Synonyms – FNC 2019 Review

Adopting to a completely new culture can be a terrifying experience. As an individual whose parents are immigrants themselves, I’ve experienced a few of their same tragic obstacles in everyday Canadian life. The implied racist dialect, the aggressive tone of voice, and the shifts in slang are all factors directed towards a larger systematic problem. It’s a case of culture clash and the “purified” white dominated dream of a solemn nation. The attitudes targeted at people like myself tend to shift towards the expectations of a specific race; in order to complete a goal of Orthodox rulings. I’ve noticed this shift frequently with a few of my Hispanic friends, who unknowingly are separating their culture and prior historic background, in order to please the hive of like-minded capitalist driven individuals. In Nadav Lapid’s latest feature Synonyms, ideas correlating with these sinister expectations and the weight of one’s hand-cuffed labels, are tested in a series of absurdist scenarios, consumed by a gratifying sense of tame tomfoolery. 

We follow Yoav, a young Israeli man in dire need of a new nationality. Bounded by his dictionary of vibrant vocabulary, Yoav roams the streets of Paris, as he befriends new companions and obsesses over lavish french lifestyles. His six month escapade from Israel soon becomes a decent into societal-hell, as he’s maddened by ideas of luxurious francophone fever dreams and discarded memories of the country he once called home. Synonyms understands the power of perception, and utilizes the frightening side-effects of reality in a refreshingly human light; thanks to the generous talent from newcomer Tom Mercier. 

However, within its strong thesis regarding the delusion and susceptible brainwashing of western life and culture on immigrants; the rest of the film is bare-bones in comparison. Everything is an allegory in Synonyms, where the interpretation of one scene, can drastically affect the result of another. In a delicate web of carefully placed narrative sequences, there’s a surprising plethora of moments that simply distract the focus and purpose of what the film wanted to get across. Even in some of the more chaotic scenes, the execution feels awkward and sorely paint-by-numbers. If you’re creating a heightened universe, that supposed to be a reflection on our very own society, than go to the fullest extreme! Film is meant to shock and enlighten, not bore and abhor.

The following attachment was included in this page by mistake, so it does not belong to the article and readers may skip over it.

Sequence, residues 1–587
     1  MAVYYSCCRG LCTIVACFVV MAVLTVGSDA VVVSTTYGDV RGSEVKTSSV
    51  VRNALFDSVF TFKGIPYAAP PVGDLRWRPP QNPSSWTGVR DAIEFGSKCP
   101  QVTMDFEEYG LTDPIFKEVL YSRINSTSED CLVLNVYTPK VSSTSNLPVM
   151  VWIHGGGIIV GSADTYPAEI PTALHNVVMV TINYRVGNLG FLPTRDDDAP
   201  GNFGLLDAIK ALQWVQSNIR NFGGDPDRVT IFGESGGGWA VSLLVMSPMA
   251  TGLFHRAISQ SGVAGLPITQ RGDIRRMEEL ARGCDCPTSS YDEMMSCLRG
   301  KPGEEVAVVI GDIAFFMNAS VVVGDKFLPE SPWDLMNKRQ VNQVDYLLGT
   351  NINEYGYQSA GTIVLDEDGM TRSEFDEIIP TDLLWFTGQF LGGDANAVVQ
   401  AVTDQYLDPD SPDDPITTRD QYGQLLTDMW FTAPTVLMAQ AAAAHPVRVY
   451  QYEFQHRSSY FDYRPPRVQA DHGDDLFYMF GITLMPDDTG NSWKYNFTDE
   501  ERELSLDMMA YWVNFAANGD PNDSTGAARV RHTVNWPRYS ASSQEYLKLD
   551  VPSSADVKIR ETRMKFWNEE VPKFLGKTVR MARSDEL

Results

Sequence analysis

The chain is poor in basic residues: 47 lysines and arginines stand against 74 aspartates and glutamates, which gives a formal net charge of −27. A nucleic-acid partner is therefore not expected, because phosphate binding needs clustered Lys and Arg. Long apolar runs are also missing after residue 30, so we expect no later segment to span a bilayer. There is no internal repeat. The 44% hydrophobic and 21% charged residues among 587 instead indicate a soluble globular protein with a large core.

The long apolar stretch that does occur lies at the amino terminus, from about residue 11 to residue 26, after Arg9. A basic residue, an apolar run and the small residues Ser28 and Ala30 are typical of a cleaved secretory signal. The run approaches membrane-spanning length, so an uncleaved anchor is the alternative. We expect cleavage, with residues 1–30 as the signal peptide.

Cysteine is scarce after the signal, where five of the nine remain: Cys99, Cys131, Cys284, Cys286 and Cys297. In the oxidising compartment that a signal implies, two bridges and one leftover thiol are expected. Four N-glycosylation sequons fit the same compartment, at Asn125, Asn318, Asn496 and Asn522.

Sometimes, well-intentioned pretentious pseudo-intellectual schlock can be truly exhausting. Synonyms is a relentless film that never shuts up. Its an exuberant farce, hidden in a facade of constantly spouting ideas, concepts, and observations, that fails in weaving a nicely stitched thread between these unique intentions. I’m content that Lapid managed to take a step forward in attempting to develop his controversial beliefs/stance on societal conformity, regardless of how mixed the result came to be. At the end of the day, Synonyms is a film that can best described as Cheap, Crummy, Lousy, Poor, Rough, Ambitious, Mediocre, ETC..

Synonyms screened at this year’s Festival Du Nouveau Cinema. The film will play again on Saturday, October 14th at 1:15 PM at Cineplex Quartier Latin 17. Kino Lorber will release the film in select cinemas on October 25th

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